—2. Cast and Crew
—3. Photo Pages
—4. Trailers, Clips, DVDs, Books, Soundtrack
—5. Posters(Emma Thompson)
—6. Production Notes (pdf)
—7. Spiritual Connections
—8. Presentation Downloads
One of the underlying themes of Nanny 911, Super Nanny and other reality TV shows that touch on parenting is that the children’s misbehavior is almost always rooted in the neglect of parental responsibility. The kids’ behavior changes in the end because the parents have needed to learn the primary lesson.
Nanny McPhee, a delightful and charming new family film, picks up on similar themes as we are introduced to the seven ill-mannered Brown children. Since the death of their mother, they have managed to scare off 17 nannies with their calculated and ruthless behavior.
Cedric Brown (Colin Firth) is the widowed father of the brood, who works in a mortuary and only is able to maintain his family’s standard of living because of the conditional benevolence of the domineering Aunt Adelaide (Angela Lansbury). She privately has insisted that she will cut the family off from all support if Brown doesn’t remarry within 30 days. Faced with debtors prison for himself and more dire consequences for his children, Brown’s desperation to keep his family together leads him to dig up the name of a widow he might marry.
Although he has not told his children of these prospects, they have figured it out, and it is at the root of their behavior. “There is not one single story ever of a stepmother who isn’t evil,” says the oldest boy and ringleader Simon (Thomas Sangster, in an excellent performance). “Who likes other people’s children?”
But under the family’s very noses is the kind, beautiful and sensitive scullery maid, Evangeline (Kelly Macdonald). She understands what’s behind the children’s behavior and secret cares deeply for them and their father. He, nevertheless, continues to seek solace in conversations with an empty chair that once was occupied by his wife.
Just as with the problems faced by families on nanny reality TV, the solution seems plain as the nose on your face. But the loss of the last nanny the agency will provide seems to have blinded the Browns to the answer. Enter Nanny McPhee (Emma Thompson) with a bulbous nose they couldn’t miss. With a unibrow, two hairy warts, enormous ear lobes and a single tooth that protrudes over her lower lip, she’s no Mary Poppins. But then again, the Brown children, whose previous ruses include pretending to eat their baby sister, are no Jane and Michael Banks, either.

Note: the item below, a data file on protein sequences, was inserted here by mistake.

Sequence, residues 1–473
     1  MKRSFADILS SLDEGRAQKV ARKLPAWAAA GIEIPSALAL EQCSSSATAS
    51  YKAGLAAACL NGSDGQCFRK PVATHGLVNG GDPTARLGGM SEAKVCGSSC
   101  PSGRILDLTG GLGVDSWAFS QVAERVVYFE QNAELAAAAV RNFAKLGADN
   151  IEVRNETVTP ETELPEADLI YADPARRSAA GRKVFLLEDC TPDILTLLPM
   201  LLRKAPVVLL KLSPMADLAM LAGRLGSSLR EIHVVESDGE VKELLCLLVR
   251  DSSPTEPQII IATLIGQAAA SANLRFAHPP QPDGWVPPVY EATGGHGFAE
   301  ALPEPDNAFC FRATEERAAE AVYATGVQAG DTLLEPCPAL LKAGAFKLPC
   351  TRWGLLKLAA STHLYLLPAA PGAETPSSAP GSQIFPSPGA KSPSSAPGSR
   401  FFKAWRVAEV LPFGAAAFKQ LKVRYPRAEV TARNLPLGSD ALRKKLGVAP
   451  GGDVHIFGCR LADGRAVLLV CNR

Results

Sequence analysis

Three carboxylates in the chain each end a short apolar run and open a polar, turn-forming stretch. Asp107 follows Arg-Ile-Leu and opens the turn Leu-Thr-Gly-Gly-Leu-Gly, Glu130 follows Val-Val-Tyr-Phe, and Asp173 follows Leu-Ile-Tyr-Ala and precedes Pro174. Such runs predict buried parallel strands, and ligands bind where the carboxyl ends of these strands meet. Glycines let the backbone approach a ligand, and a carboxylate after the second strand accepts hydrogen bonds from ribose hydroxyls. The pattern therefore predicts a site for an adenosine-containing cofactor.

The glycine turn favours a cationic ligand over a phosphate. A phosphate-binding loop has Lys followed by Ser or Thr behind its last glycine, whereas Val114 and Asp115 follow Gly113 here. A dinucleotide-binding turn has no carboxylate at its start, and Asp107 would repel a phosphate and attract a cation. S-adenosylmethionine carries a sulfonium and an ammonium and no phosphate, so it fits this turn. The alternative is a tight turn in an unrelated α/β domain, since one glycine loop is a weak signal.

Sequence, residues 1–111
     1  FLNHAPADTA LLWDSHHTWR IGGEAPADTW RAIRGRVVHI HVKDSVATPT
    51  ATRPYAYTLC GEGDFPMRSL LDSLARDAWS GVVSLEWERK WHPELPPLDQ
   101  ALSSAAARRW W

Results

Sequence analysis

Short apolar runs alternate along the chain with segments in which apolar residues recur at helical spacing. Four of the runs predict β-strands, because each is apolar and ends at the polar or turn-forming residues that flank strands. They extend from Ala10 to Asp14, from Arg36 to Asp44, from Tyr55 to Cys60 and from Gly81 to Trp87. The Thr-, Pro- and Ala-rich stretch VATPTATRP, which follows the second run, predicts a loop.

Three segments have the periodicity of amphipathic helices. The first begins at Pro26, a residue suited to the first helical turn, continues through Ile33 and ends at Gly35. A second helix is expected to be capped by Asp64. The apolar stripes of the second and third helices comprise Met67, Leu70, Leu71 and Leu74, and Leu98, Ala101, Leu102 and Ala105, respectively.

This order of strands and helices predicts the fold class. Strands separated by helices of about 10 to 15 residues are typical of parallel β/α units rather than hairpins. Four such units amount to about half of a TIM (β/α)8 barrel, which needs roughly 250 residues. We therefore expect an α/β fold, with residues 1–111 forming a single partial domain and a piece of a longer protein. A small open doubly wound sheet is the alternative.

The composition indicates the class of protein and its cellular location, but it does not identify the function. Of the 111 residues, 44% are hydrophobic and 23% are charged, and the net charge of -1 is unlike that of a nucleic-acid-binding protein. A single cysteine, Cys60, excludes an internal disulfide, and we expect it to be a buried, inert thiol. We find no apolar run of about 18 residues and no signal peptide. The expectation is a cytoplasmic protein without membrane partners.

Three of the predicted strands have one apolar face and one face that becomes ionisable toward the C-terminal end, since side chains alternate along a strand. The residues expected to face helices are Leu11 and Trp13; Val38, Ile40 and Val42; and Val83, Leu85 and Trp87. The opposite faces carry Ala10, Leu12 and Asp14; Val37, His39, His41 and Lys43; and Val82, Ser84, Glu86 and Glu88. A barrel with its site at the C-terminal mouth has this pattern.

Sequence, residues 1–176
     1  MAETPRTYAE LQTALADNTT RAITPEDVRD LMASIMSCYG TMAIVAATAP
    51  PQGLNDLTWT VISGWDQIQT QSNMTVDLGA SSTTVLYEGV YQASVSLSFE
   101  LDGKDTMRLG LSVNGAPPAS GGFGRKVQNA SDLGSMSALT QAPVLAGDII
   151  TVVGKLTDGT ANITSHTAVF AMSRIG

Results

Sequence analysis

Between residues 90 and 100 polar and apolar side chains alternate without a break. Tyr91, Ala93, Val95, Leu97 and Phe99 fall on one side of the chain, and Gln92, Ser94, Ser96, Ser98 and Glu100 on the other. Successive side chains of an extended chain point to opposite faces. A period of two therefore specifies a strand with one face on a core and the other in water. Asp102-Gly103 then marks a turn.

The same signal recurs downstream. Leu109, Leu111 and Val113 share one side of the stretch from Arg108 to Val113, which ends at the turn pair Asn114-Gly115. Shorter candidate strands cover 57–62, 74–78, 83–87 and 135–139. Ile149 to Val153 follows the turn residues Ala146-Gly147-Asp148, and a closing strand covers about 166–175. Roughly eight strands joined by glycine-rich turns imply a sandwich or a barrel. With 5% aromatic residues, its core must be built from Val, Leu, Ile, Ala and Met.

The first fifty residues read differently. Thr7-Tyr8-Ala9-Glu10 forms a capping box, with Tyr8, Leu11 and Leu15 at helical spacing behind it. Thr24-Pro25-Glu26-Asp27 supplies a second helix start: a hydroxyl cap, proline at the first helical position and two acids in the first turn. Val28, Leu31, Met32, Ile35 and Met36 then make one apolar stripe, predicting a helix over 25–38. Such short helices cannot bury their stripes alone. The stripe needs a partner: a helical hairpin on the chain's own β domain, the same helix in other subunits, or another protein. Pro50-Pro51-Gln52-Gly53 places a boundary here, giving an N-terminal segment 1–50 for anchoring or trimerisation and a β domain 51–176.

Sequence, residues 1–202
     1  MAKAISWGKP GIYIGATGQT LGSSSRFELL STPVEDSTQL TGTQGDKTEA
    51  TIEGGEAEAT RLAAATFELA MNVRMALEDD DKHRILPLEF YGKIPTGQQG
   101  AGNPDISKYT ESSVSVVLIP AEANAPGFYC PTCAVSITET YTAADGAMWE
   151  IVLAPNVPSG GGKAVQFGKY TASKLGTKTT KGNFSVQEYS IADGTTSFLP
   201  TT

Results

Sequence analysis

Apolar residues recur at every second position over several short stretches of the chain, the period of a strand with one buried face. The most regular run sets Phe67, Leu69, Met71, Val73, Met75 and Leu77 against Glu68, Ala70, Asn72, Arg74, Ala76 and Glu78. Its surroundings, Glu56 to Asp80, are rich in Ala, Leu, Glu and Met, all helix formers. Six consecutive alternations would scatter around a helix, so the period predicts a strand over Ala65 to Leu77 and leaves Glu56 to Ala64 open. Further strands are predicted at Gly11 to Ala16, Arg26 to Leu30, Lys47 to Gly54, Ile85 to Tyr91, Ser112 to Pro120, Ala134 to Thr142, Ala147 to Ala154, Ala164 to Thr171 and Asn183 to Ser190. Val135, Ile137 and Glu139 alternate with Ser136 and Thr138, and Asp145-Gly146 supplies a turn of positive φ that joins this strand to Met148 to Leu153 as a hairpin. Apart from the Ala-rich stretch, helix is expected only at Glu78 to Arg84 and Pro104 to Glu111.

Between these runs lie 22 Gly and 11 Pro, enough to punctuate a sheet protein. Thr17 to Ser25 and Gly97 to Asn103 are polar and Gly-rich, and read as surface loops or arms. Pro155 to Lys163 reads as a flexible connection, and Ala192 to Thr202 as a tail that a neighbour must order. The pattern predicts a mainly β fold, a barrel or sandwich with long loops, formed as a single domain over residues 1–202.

Nanny McPhee is a darker, tough-love Mary Poppins, a more mysterious sort whose magic has a way of accentuating the dire consequences in the bad choices the children make. With her enchanted branch-like walking stick, Nanny McPhee says she has five lessons to teach, adding “what they learn is up to them.” In contrast to this post-modern nanny, the rules are traditional and didactic: Go to bed when you are told, get up when you are told, get dressed when you are told, listen and behave. Yet these lessons are not only for the children to learn.
Nanny McPhee also has two other conditions in her contract – Sunday afternoons off and “When you need me, but do not want me, then I will stay. When you want me, but do not need me, then I have to go.”
At the beginning, Nanny McPhee’s warts suggest to the children that she is a witch. But as the children learn their lessons, her ugly blemishes disappear. While this could be misinterpreted as suggesting that physical beauty is more important than inner beauty, I think it rather suggests that as the children come to love Nanny McPhee she becomes beautiful to them. That is highlighted by the film’s log line – “You’ll learn to love her. Warts and all.” – but perhaps not handled as adroitly as possible by director Kirk Jones (Waking Ned Devine).
Thompson, the only person to ever have won Oscars for both acting (Howard’s End) and screenwriting (Sense and Sensibility), wrote the screenplay, which is based on the British “Nurse Matilda” books by Christianna Brand. The 97-minute film also contains some unforgivable clichéd gimmicks designed to pander to the younger set: a talking and dancing donkey, a food fight and using computer-generated imagery on baby Aggy (Hebe and Zinnia Barnes) to make her lips match inserted dialogue.
There also is the stereotypical evil stepmother-to-be Mrs. Selma Quickly (Celia Imrie), a scheming tart who already has buried three husbands.
Nanny McPhee’s strongest moral lesson is that there are consequences to our actions. But that even when the consequences seem dire, we can use our creative abilities to imagine how to achieve possibilities that seem as impossible as snow in August.